KANSAS CITY, Kan. — Associated Wholesale Grocers here began supplying most of the remaining members of Affiliated Foods Southwest last week after entering into an agreement with the Little Rock, Ark.-based member-owned cooperative to purchase certain assets from it, primarily the inventory.
The agreement was expected to be approved by the U.S. Bankruptcy Court in Little Rock late last week after Affiliated filed for bankruptcy protection under Chapter 11 last Tuesday.
Affiliated's customer base encompassed approximately 400 stores in a six-state area generating $730 million in sales as of last June, but those numbers had dwindled considerably by last week, with volume and customer counts down by about half, Al Miller, an Affiliated spokesman, told SN.
“As our credit collapsed and our warehouse supplies ran down, we advised our members to find secondary sources of supply, and within the last couple of weeks, as service levels at the distribution center fell to 68%, we suggested they make those sources primary,” he explained.
Affiliated's primary distribution areas included Arkansas, Louisiana and Texas, plus 33 corporate stores in Mississippi, Tennessee and Oklahoma, “so given the logistics — with AWG operating warehouses in Memphis and Nashville; Kansas City; Springfield, Mo.; and Oklahoma City — they were the logical company for our entire demographic to shift to,” Miller said.
However, some members were reportedly in discussions with Minneapolis-based Supervalu and with Grocers Supply Co., Houston, he noted.
“AWG provides the best opportunity for independent retailers throughout Arkansas, Texas and Louisiana to grow their business and meet the needs of their customers,” said Jerry Garland, AWG president and chief executive officer. “AWG's resources will be focused on providing the retailers with a smooth transition, with little disruption in product availability.”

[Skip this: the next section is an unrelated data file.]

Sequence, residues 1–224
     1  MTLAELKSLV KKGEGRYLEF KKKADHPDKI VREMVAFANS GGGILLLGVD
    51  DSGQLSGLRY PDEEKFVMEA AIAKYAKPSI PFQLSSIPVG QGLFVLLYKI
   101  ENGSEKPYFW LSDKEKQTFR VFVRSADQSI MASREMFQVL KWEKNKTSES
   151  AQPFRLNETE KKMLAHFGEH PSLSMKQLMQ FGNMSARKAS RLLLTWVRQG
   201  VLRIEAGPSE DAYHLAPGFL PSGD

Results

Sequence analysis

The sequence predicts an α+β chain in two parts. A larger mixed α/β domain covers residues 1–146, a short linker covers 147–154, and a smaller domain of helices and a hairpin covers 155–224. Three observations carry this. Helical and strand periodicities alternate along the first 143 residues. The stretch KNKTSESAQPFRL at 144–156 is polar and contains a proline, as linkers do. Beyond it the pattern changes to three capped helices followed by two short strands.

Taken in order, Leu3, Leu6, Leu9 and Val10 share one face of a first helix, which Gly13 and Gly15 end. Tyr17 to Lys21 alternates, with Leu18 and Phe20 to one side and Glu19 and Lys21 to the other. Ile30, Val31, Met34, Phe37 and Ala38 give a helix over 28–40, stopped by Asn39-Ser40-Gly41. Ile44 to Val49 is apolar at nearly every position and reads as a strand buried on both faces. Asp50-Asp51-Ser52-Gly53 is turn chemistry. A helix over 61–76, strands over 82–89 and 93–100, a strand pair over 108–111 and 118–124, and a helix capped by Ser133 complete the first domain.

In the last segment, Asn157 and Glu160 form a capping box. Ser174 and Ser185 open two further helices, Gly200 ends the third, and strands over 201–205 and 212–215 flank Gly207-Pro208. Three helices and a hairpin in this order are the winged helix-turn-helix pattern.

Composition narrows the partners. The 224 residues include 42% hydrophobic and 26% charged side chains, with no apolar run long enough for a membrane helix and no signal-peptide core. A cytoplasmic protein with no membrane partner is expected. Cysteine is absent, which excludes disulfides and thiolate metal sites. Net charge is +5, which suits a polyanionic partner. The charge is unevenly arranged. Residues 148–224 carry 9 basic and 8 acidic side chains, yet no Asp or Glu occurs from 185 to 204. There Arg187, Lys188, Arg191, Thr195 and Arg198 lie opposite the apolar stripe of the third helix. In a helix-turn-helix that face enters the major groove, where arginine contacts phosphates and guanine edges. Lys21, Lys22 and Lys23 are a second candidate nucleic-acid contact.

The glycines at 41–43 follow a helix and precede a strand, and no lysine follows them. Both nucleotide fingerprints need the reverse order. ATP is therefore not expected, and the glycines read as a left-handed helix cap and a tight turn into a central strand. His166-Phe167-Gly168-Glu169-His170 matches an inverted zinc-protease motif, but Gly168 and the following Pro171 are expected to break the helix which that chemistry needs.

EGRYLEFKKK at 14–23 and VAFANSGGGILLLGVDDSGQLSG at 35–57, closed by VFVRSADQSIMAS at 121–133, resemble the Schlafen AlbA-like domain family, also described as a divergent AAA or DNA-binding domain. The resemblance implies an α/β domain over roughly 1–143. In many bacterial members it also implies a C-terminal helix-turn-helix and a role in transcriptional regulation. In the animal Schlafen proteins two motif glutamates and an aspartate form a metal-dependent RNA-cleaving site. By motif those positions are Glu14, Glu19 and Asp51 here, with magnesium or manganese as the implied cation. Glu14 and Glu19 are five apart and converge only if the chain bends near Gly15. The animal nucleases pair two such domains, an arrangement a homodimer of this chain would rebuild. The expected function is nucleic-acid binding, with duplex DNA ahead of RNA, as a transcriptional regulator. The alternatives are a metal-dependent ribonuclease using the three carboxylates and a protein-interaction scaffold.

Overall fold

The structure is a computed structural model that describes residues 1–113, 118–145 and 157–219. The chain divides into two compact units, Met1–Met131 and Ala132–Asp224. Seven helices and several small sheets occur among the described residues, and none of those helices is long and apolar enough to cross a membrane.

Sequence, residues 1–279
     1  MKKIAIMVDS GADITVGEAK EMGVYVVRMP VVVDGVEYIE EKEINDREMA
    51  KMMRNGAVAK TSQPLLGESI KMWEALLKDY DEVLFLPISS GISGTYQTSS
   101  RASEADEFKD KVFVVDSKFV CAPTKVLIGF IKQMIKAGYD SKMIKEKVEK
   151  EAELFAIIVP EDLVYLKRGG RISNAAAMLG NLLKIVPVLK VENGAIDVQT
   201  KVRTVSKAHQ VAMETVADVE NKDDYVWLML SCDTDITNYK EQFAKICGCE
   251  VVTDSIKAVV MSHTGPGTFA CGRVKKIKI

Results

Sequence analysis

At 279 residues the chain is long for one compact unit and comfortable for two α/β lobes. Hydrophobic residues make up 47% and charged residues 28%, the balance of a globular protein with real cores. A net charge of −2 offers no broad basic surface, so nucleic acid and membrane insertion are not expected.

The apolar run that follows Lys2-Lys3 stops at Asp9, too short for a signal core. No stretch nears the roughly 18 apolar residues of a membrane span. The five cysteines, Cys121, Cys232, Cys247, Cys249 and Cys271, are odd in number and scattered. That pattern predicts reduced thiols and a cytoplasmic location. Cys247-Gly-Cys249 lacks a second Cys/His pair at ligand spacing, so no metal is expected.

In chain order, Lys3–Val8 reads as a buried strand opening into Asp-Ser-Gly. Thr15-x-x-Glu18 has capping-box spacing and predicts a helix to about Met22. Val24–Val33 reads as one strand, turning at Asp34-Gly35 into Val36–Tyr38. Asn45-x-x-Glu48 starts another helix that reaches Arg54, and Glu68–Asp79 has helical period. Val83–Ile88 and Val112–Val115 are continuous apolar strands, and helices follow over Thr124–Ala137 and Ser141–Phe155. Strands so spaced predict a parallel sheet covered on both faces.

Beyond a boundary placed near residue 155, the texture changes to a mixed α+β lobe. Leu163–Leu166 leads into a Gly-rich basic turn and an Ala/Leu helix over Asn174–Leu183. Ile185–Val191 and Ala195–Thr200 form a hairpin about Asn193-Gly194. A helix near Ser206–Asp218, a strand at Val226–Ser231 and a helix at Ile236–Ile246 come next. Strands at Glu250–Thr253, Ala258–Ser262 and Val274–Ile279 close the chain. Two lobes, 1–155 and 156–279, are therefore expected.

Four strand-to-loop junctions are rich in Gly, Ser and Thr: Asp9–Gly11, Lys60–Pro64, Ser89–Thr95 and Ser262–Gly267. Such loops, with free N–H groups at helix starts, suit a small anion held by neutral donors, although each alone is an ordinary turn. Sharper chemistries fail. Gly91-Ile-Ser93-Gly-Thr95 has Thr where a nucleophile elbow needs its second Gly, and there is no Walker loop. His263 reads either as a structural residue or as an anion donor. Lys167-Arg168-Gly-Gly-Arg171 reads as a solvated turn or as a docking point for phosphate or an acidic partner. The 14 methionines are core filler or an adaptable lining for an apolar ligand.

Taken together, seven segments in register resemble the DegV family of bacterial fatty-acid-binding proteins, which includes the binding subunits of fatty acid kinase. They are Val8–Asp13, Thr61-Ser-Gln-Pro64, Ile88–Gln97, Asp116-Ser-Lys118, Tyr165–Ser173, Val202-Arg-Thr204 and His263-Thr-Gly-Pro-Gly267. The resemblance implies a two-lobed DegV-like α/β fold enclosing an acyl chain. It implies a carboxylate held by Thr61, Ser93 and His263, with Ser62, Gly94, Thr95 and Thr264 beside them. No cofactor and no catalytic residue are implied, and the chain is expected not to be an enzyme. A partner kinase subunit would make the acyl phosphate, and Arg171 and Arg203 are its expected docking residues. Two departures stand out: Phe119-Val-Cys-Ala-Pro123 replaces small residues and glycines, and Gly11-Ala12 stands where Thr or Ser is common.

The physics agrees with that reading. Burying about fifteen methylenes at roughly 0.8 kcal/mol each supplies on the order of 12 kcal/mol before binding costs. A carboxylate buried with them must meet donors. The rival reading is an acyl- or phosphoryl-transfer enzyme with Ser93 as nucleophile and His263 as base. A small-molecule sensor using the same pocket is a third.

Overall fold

Industry observers said the deal will add approximately $350 million to AWG's sales base of $7 billion.
At its peak two years ago Affiliated had approximately 2,700 employees, but as its volume shrunk, the warehouse staff had fallen to 900 at the end of its fiscal year last June and was down to 530 earlier this week. Concurrent with the bankruptcy filing, 225 of those employees were released, Miller said.
Neither Affiliated's distribution center nor any of its corporate stores will be among the assets AWG is acquiring, Miller said. Of the 33 stores, which operated under the banners Harvest Food, Save Mart and Piggly Wiggly, Affiliated has sold 21 and closed four since late 2008, with eight still on the block, he noted.
Miller said it was Affiliated's loans to members that sealed the company's fate.
“Unlike most other cooperatives, one of the advantages of this company over the years was that we afforded members the opportunity for financing, which we felt gave them a competitive advantage over other independents,” he explained.
“We would provide the money for them to add new stores or expand and then sell those loans to a lending institution and recover the capital. But when the banks tightened their loan policies earlier this year, they pulled the loan lines for the capital we needed to pay for inventory to support our stores.
“With inventories reduced, we advised our members seven weeks ago to find secondary sources of supply and then, in the past week, advised them to make those secondary suppliers permanent.”
As previously reported in SN, Affiliated began overhauling management in February when it brought in David Hendrix, a member retailer, as chairman to succeed John Mills, who had served as chairman, president and CEO since 2004.
Mills was let go in mid-March and Randy Arceneaux, a former Fleming executive who had joined Affiliated six years ago and was chief operating officer, added the title of president.
The company also began reviewing policies to become more efficient, Miller said. It was able to eliminate 57 jobs earlier this year by streamlining its operations and combining responsibilities.